land of ETS. Thanks are also owed to John Comings           bution. Lynn Jenkins was the editor, Loretta Casalaina
of the National Center for the Study of Adult Learn-        of ETS provided desktop publishing services, and Joe
ing and Literacy and Monica Lathan of the American          Kolodey of ETS designed the cover. Errors of fact or
Public Health Association for their formative reviews       interpretation are those of the authors.

Executive Summary

Researchers have long been interested in the relation-      Results for the Total Population
ship between literacy and health. Over the past several
                                                                Some 12% of the U.S. adult population is estimat-
decades, many studies have been conducted to analyze
                                                                ed to have skills in the lowest level (Level 1) on the
the difficulty of health-related print materials, evalu-
                                                                HALS, while an additional 7% can be expected to
ate patients’ ability to read these types of materials
                                                                have great difficulty performing even these simple
and to recognize common medical terms, and deter-
                                                                tasks with a high degree of proficiency.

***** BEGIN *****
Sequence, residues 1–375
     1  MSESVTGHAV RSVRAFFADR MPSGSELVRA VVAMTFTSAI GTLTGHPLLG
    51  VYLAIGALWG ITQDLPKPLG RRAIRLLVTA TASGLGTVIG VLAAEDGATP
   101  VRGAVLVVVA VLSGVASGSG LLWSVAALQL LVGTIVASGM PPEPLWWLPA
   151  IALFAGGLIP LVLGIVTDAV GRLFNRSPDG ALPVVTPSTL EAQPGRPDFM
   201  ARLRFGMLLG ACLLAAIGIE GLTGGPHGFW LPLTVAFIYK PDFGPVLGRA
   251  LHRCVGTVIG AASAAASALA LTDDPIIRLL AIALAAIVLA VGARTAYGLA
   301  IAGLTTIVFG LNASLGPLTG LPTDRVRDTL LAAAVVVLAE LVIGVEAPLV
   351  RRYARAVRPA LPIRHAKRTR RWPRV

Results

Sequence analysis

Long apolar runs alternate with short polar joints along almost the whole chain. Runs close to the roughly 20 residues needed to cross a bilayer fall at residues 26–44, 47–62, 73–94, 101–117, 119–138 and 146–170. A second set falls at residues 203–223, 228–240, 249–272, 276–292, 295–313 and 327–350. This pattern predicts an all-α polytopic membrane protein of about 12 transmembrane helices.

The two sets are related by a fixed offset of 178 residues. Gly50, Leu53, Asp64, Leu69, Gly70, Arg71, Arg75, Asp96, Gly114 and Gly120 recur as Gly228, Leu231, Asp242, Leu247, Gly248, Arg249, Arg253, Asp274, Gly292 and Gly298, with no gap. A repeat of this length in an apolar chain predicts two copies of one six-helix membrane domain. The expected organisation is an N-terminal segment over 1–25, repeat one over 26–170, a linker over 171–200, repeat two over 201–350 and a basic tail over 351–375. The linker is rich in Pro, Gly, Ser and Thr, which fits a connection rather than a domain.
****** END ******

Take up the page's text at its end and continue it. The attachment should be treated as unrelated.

mine whether patients’ literacy skills have an effect on
health outcomes, such as self-care and disease man-             Some 41% of those performing below Level 1 on
agement.                                                        the HALS report that they were born in a Spanish-
                                                                speaking country, while roughly 51% report being
    This report seeks to further illuminate the rela-
                                                                born in the United States. (The remaining 8% are
tionship between literacy and health using data from
                                                                born in other countries.)
large-scale surveys of adult literacy — the National
Adult Literacy Survey (NALS) and the International              There is no significant difference in average HALS
Adult Literacy Survey (IALS) — conducted by Educa-              scores for men and women.
tional Testing Service for the U.S. Department of Edu-
cation. Included in these assessments were a variety of     Results for Selected Vulnerable or At-Risk Groups
health-related materials on topics such as drugs and        Performance on the HALS scale varies by respondents’
alcohol, disease prevention and treatment, safety and       level of education, race/ethnicity, country of birth, and
accident prevention, first aid, emergencies, and stay-      age.
ing healthy. Survey respondents were asked to perform
different literacy tasks based on these materials — for         Education: Health literacy is strongly related to
example, to read a medicine dosage chart and indicate           educational attainment. The average HALS score
the correct dose for a child of a particular weight and         of adults who had not completed high school or
age, or to interpret information from a news article on         earned a GED as of the time of the survey (220) is
bicycle safety. The survey also gathered extensive back-        far lower than that for individuals who had gradu-
ground information about respondents’ demographic               ated from high school or earned a GED (271) and
and socioeconomic characteristics, as well as their             for those who had continued their education be-